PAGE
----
Contracts awarded for Dounreay decommissioning works

Shot of Dounreay nuclear power station

A number of contracts have been awarded as part of the decommissioning services framework for Scotland’s oldest nuclear reactor at Dounreay.

Six framework contracts have been awarded by Dounreay Site Restoration Limited (DSRL), which bring together the capabilities of at least 28 companies and their supply chains. Works, potentially worth up to £400 million, include the construction of a size reduction facility, shaft and silo decommissioning and demolition of active laboratories.

The contracts are initially for up to four years, with the possibility of extensions of up to an additional three years. The work on site is being carried out on behalf of the Nuclear Decommissioning Authority (NDA).

The companies will now compete in ‘mini competitions’ for distinct packages of work that move the site toward its ultimate closure.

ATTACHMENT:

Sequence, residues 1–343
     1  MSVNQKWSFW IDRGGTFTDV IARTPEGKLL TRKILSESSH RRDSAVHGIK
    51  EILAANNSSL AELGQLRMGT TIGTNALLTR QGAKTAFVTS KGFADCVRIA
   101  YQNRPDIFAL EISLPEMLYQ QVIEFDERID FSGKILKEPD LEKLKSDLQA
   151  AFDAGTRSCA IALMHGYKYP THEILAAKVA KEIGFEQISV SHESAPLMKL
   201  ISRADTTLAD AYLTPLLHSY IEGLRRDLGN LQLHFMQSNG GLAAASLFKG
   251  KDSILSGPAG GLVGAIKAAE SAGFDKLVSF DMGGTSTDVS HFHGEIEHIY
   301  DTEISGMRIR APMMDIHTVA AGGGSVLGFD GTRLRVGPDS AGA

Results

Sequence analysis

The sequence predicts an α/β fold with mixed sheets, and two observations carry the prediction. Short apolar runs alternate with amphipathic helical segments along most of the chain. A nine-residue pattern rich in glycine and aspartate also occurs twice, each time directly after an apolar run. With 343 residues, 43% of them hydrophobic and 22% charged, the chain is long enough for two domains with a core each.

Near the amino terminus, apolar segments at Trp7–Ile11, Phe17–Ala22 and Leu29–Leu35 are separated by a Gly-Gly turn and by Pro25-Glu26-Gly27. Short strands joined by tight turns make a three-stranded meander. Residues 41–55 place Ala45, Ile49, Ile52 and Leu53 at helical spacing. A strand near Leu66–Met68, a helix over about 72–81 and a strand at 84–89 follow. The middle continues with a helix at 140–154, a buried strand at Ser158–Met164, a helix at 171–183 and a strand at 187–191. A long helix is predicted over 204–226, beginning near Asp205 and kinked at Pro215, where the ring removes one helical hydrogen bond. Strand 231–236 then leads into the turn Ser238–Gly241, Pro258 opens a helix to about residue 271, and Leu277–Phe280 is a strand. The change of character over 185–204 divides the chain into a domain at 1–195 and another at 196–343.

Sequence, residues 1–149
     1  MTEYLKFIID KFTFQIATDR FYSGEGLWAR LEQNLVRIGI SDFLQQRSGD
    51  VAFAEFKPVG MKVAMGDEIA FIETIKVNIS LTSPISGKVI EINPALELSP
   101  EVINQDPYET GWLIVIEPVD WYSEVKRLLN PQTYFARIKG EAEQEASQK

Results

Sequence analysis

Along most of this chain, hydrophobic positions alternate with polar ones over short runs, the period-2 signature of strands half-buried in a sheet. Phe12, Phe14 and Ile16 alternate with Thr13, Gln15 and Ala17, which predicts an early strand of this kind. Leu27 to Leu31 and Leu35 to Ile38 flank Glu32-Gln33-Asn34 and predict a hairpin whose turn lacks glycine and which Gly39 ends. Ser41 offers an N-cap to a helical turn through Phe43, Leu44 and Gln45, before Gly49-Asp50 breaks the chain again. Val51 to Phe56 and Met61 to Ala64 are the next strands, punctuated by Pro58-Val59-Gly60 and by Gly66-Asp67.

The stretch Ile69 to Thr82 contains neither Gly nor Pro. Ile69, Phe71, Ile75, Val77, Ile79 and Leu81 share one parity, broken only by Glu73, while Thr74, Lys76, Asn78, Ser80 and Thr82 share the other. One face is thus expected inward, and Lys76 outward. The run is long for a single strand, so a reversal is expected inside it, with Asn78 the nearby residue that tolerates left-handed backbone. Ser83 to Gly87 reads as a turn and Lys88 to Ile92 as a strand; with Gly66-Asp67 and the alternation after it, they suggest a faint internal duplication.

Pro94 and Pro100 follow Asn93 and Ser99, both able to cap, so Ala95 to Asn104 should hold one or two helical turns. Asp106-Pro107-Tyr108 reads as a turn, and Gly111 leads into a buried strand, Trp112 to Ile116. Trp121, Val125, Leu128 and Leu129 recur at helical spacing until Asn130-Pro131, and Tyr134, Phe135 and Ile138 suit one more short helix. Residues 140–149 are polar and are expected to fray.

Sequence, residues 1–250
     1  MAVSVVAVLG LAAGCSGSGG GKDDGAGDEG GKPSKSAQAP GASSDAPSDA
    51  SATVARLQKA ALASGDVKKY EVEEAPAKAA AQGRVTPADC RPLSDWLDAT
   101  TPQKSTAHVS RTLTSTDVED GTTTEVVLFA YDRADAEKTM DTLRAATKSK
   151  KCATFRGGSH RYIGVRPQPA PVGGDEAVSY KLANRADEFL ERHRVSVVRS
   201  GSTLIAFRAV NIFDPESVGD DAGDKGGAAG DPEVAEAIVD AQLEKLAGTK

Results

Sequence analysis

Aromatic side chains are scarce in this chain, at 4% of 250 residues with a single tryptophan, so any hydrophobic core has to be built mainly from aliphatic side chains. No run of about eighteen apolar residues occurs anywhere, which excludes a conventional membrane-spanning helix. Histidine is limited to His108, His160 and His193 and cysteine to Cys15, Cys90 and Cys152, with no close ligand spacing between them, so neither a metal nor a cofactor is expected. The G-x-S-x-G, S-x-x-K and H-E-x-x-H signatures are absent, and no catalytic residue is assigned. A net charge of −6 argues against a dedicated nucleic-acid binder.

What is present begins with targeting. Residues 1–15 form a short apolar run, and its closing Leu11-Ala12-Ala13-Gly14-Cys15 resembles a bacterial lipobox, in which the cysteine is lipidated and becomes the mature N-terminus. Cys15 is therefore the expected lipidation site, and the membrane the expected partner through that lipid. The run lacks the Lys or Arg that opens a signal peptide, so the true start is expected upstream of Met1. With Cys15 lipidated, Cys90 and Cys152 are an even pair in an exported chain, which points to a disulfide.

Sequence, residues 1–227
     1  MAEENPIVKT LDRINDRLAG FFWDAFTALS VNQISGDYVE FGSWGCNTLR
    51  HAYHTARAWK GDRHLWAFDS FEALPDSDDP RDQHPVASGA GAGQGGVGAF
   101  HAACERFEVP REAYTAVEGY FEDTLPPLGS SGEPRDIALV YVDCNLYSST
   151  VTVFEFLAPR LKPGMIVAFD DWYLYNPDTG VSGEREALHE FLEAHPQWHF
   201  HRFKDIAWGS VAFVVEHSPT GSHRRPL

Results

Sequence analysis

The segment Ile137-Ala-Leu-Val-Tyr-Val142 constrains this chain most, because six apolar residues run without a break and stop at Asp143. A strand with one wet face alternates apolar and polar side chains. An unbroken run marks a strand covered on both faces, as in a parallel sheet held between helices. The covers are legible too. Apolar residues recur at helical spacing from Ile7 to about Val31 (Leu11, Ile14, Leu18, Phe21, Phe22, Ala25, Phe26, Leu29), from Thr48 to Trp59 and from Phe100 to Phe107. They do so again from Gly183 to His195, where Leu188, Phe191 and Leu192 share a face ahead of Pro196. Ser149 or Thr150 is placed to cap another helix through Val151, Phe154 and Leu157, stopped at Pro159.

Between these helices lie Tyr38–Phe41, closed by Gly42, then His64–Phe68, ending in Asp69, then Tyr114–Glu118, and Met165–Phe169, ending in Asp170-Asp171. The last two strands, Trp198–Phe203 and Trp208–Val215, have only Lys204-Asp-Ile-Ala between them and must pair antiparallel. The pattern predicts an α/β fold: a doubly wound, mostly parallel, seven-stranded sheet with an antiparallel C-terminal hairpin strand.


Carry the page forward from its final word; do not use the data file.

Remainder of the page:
Stephen Adamson, head of commercial services at DSRL said, “This agreement will deliver real and visible signs of progress towards achieving our mission. It is about forming long-term partnerships so that the successful companies can work alongside our own Dounreay staff, ensuring a first-class team combining the best site skills and experience with the wider industry knowledge and innovation that the supply chain can offer.”

Organisations appointed to DSRL’s decommissioning services framework:

  • AECOM E&C UK; MW Hargreaves; Kier Infrastructure and Overseas; Morson Projects; NIS; NSG Environmental; Squibb Group; Westinghouse Electrical Company UK
  • Dounreay Decommissioning Framework (DDF) Alliance; Cavendish Nuclear; BAM Nuttall; KDC Contractors; JGC Engineering and Technical Services
  • Dounreay Wood Alliance (DWA); Wood; Aquila Nuclear Engineering; GD Energy Services; Orano Projects
  • Jacobs UK; Atkins
  • Nuclear Decommissioning Ltd (NDL); James Fisher Nuclear; REACT Engineering; Shepley Engineers; WYG Engineering; JBV Demolition; RPS Consulting Services
  • Nuvia; Graham Construction; Oxford Technologies; Thompson of Prudhoe